There were 11 rounds of talks between the Union government and the farmers between December 3, 2020 and January 22, 2021, but farmers’ unions showed utmost unity and patience as they insisted on repeal of the laws.

Even as the Modi government made several offers to make suitable amendments to the farm laws, farmers’ unions stayed firm in their demands to repeal the farm laws.

It is at this stage when farmers’ unions for the first time clubbed other demands including a legal guarantee to minimum support price (MSP), removal of anti-farm provisions in the Electricity (Amendment) Bill and criminal provision against farmers for stubble burning. They stayed on with these demands till the last day of the protests.

At that stage, there was an opportunity for the Modi government to end this protest by revoking these laws but it had something else in mind.

When negotiations did not proceed further, the farmers announced a major mobilisation programme in the shape of a tractor rally in Delhi on January 26 to put further pressure on the Union government. This was the next major phase of the farmers’ protest that forced SKM and other farmers’ unions to change their strategy to convince the Union government to listen to their demands.

This, according to several SKM leaders, was the first major setback for the farmers’ movement when the tractor rally ended up in clashes between farmers and police personnel.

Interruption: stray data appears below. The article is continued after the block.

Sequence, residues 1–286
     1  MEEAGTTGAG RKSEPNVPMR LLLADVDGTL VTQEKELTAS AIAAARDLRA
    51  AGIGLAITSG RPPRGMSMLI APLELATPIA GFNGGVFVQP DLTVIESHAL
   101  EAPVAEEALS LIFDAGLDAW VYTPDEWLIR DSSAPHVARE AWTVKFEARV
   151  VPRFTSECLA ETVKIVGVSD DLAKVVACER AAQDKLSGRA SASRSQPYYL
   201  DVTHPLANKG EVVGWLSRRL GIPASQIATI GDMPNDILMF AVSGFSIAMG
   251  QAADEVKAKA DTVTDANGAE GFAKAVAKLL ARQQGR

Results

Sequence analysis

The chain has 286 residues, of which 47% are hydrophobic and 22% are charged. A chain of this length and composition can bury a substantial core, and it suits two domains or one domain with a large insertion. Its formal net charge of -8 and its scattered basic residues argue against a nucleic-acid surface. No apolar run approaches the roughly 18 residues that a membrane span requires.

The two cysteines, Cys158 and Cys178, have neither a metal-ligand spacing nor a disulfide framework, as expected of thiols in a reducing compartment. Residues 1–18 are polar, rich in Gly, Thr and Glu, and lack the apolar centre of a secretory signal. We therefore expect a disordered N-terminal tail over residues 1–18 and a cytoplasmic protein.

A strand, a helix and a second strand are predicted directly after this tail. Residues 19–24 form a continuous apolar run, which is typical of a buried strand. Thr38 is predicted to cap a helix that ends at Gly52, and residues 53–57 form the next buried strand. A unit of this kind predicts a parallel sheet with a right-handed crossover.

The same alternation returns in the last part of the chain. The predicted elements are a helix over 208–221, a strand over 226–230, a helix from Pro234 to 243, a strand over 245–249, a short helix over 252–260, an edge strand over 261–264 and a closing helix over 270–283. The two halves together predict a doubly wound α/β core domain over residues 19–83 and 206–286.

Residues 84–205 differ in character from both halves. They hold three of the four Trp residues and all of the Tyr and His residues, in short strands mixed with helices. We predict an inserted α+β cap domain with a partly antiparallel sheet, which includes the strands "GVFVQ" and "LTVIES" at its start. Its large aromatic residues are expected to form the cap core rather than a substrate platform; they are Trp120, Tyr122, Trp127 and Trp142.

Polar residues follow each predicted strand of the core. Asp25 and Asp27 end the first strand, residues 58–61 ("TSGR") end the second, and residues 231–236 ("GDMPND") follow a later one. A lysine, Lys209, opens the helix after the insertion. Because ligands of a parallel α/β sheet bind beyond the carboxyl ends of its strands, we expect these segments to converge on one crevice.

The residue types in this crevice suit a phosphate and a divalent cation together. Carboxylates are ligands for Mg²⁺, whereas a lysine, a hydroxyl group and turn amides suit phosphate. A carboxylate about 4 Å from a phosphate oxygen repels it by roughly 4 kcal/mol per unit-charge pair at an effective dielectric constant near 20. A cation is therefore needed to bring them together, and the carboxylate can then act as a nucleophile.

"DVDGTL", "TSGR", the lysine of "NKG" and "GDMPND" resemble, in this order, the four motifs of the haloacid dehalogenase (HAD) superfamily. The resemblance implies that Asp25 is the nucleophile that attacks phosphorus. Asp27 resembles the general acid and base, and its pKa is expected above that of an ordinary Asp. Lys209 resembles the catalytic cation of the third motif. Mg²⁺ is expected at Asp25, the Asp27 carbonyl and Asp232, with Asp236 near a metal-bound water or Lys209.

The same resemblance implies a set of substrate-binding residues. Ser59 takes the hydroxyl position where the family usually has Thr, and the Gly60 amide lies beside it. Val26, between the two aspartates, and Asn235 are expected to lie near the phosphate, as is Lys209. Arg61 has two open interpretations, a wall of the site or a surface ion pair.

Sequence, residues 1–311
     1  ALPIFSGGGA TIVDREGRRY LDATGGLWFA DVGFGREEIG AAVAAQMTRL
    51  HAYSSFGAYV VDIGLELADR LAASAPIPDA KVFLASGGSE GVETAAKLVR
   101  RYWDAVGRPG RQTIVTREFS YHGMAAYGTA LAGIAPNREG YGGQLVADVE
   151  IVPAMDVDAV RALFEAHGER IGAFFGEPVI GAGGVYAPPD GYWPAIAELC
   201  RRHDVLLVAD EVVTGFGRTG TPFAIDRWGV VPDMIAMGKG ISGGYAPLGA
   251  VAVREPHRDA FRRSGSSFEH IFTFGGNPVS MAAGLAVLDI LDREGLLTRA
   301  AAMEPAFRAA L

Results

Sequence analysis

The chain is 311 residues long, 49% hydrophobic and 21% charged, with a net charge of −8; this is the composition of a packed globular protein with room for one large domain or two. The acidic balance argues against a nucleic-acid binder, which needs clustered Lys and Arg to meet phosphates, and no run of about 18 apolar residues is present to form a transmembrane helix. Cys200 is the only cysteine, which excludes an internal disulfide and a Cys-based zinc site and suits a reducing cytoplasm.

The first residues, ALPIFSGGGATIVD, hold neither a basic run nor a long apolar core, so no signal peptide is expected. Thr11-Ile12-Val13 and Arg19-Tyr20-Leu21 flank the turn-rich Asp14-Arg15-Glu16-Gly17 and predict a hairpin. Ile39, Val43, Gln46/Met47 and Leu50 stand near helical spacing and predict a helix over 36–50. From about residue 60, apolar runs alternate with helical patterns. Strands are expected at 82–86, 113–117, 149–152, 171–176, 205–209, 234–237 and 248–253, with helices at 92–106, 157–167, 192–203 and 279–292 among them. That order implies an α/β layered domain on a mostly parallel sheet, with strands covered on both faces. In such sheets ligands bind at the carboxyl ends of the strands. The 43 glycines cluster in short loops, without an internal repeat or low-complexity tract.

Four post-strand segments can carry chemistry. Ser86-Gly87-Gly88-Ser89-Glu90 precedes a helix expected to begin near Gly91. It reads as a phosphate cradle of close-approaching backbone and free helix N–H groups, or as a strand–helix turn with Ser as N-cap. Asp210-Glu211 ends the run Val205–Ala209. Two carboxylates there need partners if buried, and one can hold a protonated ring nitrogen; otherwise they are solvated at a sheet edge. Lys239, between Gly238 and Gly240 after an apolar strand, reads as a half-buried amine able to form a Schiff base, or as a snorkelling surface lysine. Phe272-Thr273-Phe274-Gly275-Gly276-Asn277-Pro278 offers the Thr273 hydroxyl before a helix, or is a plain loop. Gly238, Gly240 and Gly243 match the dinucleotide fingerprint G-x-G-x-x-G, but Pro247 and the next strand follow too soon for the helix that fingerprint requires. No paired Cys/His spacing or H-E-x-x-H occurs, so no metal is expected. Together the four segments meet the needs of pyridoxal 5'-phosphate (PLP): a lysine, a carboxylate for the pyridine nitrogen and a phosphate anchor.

Also read: The January 26 Violence Was a Result of Police Incompetence, Negligence and Chaos by Design

Aftermath of farmers’ Republic Day clash with Delhi Police

SKM leader Yogendra Yadav told The Wire, “I look at the incident from the organisers’ point of view. Once we knew that lakhs of people would come (in SKM’s call for the tractor march in Delhi), we needed much better protocols. We needed much greater volunteer force. We needed much greater discipline.”

“But having said that, there is clear evidence that when tractors were going towards the Red Fort, no one stopped them. When they reached its gate, no one prevented them from entering the premises that too on Republic Day when security in Delhi is at an all-time high. Policemen were even seen taking selfies with the protesters,” he said.

Farmers participate in a tractor march on Republic Day, as part of their protest against the Centre’s farm laws, in Gurugram, January 26, 2021. Photo: PTI

He said the January 26 incident remained the most intriguing and mysterious link of the protest, which makes one suspect that the state might have been involved in scuttling the protest. During the whole movement, the disruptors were found to be photographed with BJP leaders right from the Red Fort incident to the killings at the Singhu border involving Nihang leaders.